Frank Wood died recently at the age of 95. HappenStance published a pamphlet of his work in 2012.
So that's the 'Wood' in my title.
We won't be seeing Frank again, though his voice — unapologetically plain-spoken — can still be heard in his poems. And always will be, for as long as such poems are heard.
But the 'trees' are also the poetries. Today, with dozens of poem-texts whirling round the globe every second, there are great forests of poetries, in which one could get lost for all time. Yes, I know that's a horribly mixed metaphor. Forests don't whirl round the globe, unless you think of Wordsworth's Lucy 'Whirled round in earth's diurnal course / With rocks and stones and trees' (I always felt for Lucy).
My point is that the writing trajectory of a poet like Frank might be seen as 'unimportant'. Poetry was a lifelong interest for him, but he didn't start writing it until he was well into his forties. He didn't win the National Poetry Competition. He didn't publish to popular acclaim. He had a modest circle of appreciative readers (and fellow writers).
Frank did succeed in placing poems here and there in the small press over several decades. He co-edited a small magazine for a while, played an active role in Suffolk Poetry Society, had modest wins in competitions, and there was a pamphlet: Racing the Stable Clock. He was a practising poet who kept practising.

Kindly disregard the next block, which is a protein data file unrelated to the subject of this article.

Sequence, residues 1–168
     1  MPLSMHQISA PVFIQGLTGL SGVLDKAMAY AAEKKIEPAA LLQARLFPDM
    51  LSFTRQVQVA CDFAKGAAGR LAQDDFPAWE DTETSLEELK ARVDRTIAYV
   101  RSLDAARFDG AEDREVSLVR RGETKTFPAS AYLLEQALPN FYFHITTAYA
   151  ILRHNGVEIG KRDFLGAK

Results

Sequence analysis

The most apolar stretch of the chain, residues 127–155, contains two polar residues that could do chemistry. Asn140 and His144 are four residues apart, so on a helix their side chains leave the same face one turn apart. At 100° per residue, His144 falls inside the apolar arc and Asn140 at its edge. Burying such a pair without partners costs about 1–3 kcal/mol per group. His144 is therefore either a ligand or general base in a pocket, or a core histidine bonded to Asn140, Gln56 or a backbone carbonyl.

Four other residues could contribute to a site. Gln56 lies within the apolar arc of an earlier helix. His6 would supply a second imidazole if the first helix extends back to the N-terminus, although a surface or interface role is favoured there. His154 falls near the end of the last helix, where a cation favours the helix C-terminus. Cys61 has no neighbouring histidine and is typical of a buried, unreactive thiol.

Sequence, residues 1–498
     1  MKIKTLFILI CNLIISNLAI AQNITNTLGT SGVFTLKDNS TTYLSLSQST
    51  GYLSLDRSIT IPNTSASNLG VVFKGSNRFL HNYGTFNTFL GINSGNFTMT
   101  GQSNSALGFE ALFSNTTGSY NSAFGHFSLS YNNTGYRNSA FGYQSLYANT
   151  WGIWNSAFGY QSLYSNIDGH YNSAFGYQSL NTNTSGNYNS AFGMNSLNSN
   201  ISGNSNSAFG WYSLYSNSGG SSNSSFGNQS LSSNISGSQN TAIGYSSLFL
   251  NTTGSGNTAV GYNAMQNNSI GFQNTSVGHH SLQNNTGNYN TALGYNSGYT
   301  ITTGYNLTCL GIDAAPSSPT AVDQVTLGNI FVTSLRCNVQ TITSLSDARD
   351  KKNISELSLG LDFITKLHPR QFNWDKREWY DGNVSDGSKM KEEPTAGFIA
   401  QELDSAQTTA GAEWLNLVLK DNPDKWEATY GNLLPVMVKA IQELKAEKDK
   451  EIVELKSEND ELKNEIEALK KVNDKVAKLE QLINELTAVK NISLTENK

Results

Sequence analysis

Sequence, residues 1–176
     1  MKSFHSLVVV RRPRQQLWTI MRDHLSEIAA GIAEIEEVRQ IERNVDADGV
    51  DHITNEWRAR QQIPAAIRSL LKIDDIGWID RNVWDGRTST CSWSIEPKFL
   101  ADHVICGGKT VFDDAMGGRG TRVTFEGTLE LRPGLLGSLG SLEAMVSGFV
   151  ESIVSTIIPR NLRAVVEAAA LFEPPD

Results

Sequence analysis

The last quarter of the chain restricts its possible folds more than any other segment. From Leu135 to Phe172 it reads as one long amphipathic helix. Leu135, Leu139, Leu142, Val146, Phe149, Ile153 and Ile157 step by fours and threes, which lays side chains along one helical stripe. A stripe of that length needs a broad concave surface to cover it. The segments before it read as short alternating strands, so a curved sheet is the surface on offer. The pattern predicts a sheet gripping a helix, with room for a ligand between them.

His poetry 'career' might look like not much, as these things go. It was more than it seems.
He always sent me poems during the HappenStance reading windows, and latterly I encouraged him to send them whenever he wanted to — which was still about twice a year. It was rare to get a batch in which there wasn't at least one I thought outstanding in some way. He was a wit, with strong opinions. Often, he made me smile. But sometimes his poems opened out into sadness, and I would stare out of the window and think, and think some more.
I believe the writing of poems brought him joy. It wasn't about getting famous, or building a reputation as a 'player'. He found poems joyous things to make, worthwhile creations, like well-made chairs. They made him happy.
I won't forget him. Right to the end of his long life, he was writing self-critically and with acuity.
I'm appending one of the poems from Stable Clock below. It's short. And yet (to me) there's a whole world below the surface. The father who wrote the sermons was the same father who was gassed in the First World War, the same father who once 'killed a German face to face' and who, when it came to questions about that war, 'would never talk about it'. But his son wrote about him, a lifetime later.
Writing the Sermon
My father was known for his sermons.
He used to grade them according
to the number of pipes he smoked.
Three pipes spelt hell
for next day's congregation —
and that was only the notes.
As his neighbor, who kept hens, said,
When you go out to feed them,you don't
have to give them the whole bucketful.